“After ten years on the run, dodging daemons and debt, reviled magician Edrin Walker returns home to avenge the brutal murder of his friend. Lynas had uncovered a terrible secret, something that threatened to devour the entire city. He tried to warn the Arcanum, the sorcerers who rule the city. He failed.
Lynas was skinned alive and Walker felt every cut. Now nothing will stop him from finding the murderer. Magi, mortals, daemons, and even the gods – Walker will burn them all if he has to.
After all, it wouldn’t be the first time he’s killed a god…”
Thanks given to Netgalley and Angry Robot for providing this ARC in exchange for an honest review.
I’ve had my eye on The Traitor God ever since I saw the stunning cover art by Jan Weßbecher, so when the opportunity came to review an advance copy I all but jumped at the chance. In basic terms this is a revenge story wrapped in a mystery, and told against the backdrop of a living, breathing epic fantasy world.
I have to admit that reading this book was a strange experience for me. Johnston does a fantastic job of setting the scene, introducing our protagonist Edrin Walker, and paving the way for Edrin’s bloody revenge. And no time is wasted throwing Edrin into unravelling the mystery surrounding his friend’s murder, and the mystery surrounding his own murky past deeds. This all sounds right up my street, however there were times when I didn’t feel invested in the story because I kept noticing discrepancies in Edrin’s character. I found this jarring, but the worldbuilding and magic of Johnston’s world were enough to keep me reading on. And I’m very glad I did!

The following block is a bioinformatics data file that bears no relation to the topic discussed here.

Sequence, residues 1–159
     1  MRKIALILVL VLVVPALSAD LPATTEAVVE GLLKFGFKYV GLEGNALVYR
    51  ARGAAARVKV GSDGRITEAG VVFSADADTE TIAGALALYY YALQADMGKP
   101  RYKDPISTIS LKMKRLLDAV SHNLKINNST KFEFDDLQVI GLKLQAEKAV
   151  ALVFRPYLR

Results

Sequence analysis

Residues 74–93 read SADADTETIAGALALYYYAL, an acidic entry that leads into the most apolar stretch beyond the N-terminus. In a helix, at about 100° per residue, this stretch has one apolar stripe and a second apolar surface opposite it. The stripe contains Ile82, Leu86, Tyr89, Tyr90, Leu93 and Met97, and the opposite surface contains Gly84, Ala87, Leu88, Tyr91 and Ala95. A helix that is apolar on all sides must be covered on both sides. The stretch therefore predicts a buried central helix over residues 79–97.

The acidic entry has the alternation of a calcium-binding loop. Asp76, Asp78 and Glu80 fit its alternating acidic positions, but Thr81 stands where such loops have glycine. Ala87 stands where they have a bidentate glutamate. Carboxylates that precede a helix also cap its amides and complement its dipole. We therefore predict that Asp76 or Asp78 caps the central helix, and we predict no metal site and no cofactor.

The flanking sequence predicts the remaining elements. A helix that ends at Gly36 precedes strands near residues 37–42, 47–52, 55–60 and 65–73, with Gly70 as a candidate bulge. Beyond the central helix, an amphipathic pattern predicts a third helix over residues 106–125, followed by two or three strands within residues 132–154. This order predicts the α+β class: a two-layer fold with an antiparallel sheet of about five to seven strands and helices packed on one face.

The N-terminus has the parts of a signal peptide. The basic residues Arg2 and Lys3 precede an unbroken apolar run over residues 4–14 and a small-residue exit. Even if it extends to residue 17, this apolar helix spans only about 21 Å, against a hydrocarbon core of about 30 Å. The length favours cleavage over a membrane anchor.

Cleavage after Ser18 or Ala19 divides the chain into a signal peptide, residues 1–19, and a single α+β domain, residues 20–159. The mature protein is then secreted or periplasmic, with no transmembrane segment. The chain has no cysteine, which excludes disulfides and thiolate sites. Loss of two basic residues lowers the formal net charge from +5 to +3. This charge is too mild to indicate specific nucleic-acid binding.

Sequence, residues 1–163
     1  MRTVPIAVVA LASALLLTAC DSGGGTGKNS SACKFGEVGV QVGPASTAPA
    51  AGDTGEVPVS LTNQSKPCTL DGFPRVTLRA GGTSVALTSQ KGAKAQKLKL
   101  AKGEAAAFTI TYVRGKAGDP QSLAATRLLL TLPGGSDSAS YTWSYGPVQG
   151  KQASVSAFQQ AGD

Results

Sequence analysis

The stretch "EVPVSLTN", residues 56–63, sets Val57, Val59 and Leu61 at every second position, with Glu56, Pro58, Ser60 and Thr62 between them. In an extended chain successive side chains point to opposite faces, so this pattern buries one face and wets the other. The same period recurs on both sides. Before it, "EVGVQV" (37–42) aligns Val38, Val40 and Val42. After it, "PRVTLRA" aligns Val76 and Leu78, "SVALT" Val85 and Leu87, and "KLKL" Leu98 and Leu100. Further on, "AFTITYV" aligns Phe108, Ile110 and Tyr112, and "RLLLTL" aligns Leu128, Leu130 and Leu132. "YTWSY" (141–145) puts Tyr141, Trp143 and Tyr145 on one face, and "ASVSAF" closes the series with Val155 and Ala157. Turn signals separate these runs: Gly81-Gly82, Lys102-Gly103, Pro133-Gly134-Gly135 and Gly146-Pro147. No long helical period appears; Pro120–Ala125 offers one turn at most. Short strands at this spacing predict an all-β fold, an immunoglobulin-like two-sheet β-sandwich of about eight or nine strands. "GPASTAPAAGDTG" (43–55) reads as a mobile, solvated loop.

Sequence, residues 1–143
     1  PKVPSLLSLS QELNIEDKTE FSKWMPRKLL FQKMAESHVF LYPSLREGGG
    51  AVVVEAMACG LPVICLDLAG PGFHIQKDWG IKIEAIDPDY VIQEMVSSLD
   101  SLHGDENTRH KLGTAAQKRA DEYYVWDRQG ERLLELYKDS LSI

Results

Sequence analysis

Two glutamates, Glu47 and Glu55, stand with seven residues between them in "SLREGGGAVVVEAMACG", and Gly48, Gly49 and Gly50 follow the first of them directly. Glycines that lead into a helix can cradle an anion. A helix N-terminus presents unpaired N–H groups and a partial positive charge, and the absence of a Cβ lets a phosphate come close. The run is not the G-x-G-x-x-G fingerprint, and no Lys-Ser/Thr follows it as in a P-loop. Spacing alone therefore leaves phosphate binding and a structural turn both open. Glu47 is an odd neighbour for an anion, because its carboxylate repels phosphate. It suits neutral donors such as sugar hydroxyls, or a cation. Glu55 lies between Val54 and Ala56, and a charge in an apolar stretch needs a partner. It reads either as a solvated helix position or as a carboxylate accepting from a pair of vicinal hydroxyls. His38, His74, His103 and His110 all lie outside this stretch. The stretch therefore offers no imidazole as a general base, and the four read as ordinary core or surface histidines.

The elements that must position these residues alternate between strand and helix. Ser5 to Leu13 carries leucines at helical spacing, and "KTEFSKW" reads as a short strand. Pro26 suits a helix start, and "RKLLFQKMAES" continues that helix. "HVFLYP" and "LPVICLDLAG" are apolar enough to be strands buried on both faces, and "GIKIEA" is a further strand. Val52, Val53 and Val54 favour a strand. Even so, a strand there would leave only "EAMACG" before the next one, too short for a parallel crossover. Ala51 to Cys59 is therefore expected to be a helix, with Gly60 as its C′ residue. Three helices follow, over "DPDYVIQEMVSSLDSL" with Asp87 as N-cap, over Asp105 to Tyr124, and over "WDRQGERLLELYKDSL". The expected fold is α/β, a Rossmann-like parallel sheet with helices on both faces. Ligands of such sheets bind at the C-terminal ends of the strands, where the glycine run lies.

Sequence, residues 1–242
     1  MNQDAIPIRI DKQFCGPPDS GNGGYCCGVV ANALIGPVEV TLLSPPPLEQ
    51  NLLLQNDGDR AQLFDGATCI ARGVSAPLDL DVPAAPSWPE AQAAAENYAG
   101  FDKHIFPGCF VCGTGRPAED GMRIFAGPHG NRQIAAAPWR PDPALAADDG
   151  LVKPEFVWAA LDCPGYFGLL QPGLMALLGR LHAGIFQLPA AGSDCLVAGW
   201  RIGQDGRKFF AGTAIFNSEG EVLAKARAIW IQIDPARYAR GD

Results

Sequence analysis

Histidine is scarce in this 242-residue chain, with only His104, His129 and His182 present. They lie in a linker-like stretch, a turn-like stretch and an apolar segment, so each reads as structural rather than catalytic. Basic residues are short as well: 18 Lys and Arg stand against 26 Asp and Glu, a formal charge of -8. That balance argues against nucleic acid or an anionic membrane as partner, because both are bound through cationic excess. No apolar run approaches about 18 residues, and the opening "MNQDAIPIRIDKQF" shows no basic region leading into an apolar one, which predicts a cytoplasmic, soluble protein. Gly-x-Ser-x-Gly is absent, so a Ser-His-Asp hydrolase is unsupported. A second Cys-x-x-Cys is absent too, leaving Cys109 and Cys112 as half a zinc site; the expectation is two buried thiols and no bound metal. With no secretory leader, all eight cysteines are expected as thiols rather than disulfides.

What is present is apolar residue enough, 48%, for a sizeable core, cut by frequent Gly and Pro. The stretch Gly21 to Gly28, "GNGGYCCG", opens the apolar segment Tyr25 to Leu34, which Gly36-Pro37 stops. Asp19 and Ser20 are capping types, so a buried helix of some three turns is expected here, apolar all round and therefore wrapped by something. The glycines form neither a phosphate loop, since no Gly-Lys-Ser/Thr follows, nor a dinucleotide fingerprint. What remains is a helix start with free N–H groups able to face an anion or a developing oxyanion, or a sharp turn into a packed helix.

After about the halfway mark, the story really kicks up a gear and I found myself itching to read on. The stakes keep climbing and the worldbuilding and magic truly come into their own. There’s a wonderful coarseness and vivacity to the world Johnston has created, and the magic and monsters featured are as horrific as they are fascinating. And I’m glad to say that some of the issues I had with Edrin’s character were addressed later in the book which made me appreciate the first half more in retrospect.
The finale is truly epic, and about as thrilling as they come. And Johnston raises some questions and possibilities for future instalments that have me incredibly excited to read on. I’d be a tad worried that some readers experiencing the same issue regarding the depiction of Edrin in the first half of the novel may give up on The Traitor God, but I’d recommend any fans of gritty, epic fantasy with a leaning toward horror to stick with it. The book really does reward the commitment.
Overall, I give The Traitor God four out of five stars. And I can’t wait to read a sequel!
I really liked it.